4. Get to know your tutor

not knowing your tutor

You don’t need to stalk them via social media or bring them fruit on the daily, but ignoring the person who has the ability to help you the most in your academic career is a mistake. He/she will most likely be your referee, so this is one relationship you definitely want to nurture.

“I was really jealous of my friend who had formed a great relationship with her tutor from year one. When you start trying in year three, they know you’re just trying to butter them up and it’s all a bit cringe.” 

- Beth

5. Record your lectures if you can’t attend

not attending lectures

We’re with you - the allure of your bed is incredibly strong. Sometimes you may not have even seen your bed in a few days. We get it. But we know that if you show up and stay awake long enough to hit “record” on your phone, you’ll thank yourself later. Your lecturers will also notice that you make the effort, even if you struggle to stay awake.

“I made it to every lecture second year. I slept in every lecture second year. But not before I hit that “record” button on my iphone. Yay me!”

- Brooke

6. Ask questions

not asking questions

Most people we spoke to said that they were scared to look stupid in front of the class, so they avoided raising their hands to ask questions in lectures. This resulted in misinterpretation of topics and lower marks on assignments. If you’re not comfortable asking in person, make sure you write the question down and email your tutor after the lecture for clarification. That’s what they’re there for!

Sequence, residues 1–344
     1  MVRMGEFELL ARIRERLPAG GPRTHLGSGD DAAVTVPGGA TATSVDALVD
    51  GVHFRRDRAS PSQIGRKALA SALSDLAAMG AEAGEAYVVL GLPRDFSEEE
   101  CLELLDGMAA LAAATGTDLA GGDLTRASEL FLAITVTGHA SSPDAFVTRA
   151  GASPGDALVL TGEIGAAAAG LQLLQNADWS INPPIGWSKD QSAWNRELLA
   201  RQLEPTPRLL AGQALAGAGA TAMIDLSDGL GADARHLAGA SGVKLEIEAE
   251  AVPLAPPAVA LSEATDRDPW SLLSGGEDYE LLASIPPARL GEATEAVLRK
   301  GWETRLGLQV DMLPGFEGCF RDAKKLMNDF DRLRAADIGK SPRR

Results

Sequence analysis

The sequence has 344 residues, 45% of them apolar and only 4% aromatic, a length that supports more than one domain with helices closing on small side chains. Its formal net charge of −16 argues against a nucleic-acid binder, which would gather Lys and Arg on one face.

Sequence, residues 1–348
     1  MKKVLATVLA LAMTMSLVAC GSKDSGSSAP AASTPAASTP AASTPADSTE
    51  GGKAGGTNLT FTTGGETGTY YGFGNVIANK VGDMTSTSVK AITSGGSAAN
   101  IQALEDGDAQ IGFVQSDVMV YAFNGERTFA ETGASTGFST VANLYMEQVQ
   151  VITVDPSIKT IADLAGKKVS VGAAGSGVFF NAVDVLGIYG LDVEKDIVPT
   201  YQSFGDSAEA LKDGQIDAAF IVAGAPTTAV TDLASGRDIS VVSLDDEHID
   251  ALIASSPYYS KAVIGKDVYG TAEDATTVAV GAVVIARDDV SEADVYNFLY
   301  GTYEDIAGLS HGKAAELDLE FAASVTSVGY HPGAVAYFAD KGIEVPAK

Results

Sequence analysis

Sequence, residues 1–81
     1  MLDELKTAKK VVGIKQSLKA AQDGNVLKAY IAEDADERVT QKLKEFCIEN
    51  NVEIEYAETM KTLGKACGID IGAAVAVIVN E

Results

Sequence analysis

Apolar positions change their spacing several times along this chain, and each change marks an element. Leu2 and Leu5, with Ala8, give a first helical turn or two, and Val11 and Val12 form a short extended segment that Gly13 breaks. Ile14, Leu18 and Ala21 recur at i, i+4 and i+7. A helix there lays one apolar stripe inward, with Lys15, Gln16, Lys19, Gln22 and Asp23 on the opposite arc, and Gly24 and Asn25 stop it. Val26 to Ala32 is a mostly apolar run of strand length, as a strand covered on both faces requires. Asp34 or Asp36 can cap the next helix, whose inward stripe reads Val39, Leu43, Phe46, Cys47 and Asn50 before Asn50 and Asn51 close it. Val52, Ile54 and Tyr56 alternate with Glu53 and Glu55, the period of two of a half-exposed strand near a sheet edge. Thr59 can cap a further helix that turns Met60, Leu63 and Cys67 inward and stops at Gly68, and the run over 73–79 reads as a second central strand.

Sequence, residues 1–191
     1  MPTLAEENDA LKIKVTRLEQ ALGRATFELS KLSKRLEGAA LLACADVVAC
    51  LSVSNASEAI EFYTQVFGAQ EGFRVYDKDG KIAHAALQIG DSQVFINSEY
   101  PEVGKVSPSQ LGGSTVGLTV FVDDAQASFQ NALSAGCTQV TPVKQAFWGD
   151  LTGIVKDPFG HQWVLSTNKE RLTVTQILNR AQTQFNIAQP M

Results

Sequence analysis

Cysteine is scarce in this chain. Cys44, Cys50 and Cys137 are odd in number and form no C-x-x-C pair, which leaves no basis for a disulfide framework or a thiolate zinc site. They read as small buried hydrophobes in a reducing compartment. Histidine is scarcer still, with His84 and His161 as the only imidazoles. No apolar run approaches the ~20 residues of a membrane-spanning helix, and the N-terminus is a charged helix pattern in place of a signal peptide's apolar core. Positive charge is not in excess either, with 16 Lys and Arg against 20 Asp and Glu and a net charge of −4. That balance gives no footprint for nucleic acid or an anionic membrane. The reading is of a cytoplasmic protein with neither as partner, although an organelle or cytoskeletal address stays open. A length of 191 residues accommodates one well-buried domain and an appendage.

“If you’re thinking it, most likely a lot of other people are too. Be the hero and ask the question. “

- Mark

7. Get involved with societies or clubs

not getting involved with societies or clubs

Joining a society looks great on your CV and it’s a great way to meet like-minded individuals. Members of societies often get first pick of interesting voluntary opportunities on campus and will often get a post before a student who doesn’t belong to a society, as it shows a high level of commitment.

“I joined the Psychology Society in my third year of university. I fully credit the friends I made there for my survival and for my First. We were all pretty competitive and that was motivational. We’re not all geeks either. We like to have a good time.”

- Penny

8. Take care of yourself

not taking care of yourself

You’re a Psychology student, so you totally get how important your mental well-being is, right? LOLZ! We’re all rubbish at taking our own advice, but try to follow these basic tips.  

1. Sleep: get at least six hours a night. 

2. Eat: something, anything, just fuel that sexy brain!  

3. Drink water: hydration for the nation. You need this. Vodka is not water.